I'm attempting to write a reusable parsing library (for fun).
I wrote a
Lexer class which generates a sequence of
Token is a base class for a hierarchy of subclasses, each representing different token type, with its own specific properties. For example, there is a subclass
LiteralNumber (deriving from
Literal and through it from
Token), which has its own specific methods for dealing with numeric value of its lexeme. Methods for dealing with lexemes in general (retrieving their character string representation, position in the source etc.) are in the base class,
Token, because they're general to all token types. Users of this class hierarchy can derive their own classes for specific token types not predicted by me.
Now I have a
Parser class which reads the stream of tokens and tries to match them with its syntax definition. For example, it has a method
matchExpression, which in turn calls
matchTerm and this one calls
matchFactor, which has to test if the current token is
Name (both derived from
Token base class).
The problem is:
I need to check now what is the type of the current token in the stream and whether it matches the syntax or not. If not, throw an
EParseError exception. If yes, act accordingly to get its value in the expression, generate machine code, or do whatever the parser needs to do when the syntax matches.
But I've read much about that checking the type in runtime, and deciding from it, is a bad design™, and it should be refactored as polymorphic virtual methods. Of course, I agree with that.
So my first attempt was to put some
type virtual method in the
Token base class, which would be overrided by the derived classes and return some
enum with type id.
But I already see a shortcomings of this approach: Users deriving from
Token their own classes of tokens won't be able to add additional id's to the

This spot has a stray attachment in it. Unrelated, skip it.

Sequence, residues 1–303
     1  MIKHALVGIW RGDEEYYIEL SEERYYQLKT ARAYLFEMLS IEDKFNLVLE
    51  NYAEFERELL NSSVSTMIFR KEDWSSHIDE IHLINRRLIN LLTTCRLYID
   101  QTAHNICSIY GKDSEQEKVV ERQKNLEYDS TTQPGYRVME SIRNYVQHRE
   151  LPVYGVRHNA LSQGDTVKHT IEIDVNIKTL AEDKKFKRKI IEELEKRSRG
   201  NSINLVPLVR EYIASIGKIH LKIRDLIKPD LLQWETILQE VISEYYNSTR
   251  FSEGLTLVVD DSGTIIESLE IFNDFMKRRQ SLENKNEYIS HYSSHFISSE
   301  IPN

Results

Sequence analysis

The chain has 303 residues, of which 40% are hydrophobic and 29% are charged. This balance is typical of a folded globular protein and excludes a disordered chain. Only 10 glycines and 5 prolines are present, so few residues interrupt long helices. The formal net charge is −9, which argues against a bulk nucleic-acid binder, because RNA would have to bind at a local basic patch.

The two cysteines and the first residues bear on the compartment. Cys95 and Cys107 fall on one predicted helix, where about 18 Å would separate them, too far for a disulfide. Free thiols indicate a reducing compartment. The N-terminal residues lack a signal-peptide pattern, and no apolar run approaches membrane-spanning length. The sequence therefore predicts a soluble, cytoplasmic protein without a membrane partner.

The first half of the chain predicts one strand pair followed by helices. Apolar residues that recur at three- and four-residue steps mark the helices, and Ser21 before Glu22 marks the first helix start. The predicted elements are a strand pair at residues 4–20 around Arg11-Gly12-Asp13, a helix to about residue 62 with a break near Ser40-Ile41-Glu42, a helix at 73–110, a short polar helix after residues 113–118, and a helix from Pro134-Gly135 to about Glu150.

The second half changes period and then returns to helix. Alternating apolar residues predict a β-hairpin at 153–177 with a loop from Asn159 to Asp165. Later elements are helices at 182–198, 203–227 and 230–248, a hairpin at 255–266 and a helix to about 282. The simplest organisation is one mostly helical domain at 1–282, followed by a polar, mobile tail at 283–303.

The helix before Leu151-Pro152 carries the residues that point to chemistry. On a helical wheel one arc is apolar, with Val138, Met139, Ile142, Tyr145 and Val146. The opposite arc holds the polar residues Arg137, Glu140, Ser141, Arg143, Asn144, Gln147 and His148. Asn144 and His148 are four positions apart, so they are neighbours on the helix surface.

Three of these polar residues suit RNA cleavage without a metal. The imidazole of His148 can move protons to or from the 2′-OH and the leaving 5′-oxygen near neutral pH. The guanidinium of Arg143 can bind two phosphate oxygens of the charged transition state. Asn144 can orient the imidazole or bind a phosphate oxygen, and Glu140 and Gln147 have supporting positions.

enum, which is in the library source! :-/ And the goal was to allow them for extending the hierarchy for new types of tokens when they'll need it.
I could also return some
string from the
type method, which would allow for easy defining new types.
But still, in both these cases, the information about base types is lost (only leaf type is returned from
type method) and the
Parser class wouldn't be able to detect the
Literal derived type when someone would derive from it and override the
type to return something other than
And of course the
Parser class, which also is meant for extending by users (that is, writing their own parsers, recognizing their own tokens and syntax) doesn't know what descendants of the
Token class will be there in the future.
Many FAQs and books on design recommend in this scenario to take the behavior from the code which needs to decide by type, and put it into the virtual method overriden in derived classes. But I cannot imagine how could I put this behavior into the
Token descendants, because it's not their busines, for example, to generate machine code, or evaluate expressions. Moreover, there are parts of the syntax which need to match more than one token, so there is no one particular token which I could put that behavior into. It's rather the responsibility of particular syntax rules, which could match more than one token as their terminal symbols.
Any ideas how to improve this design?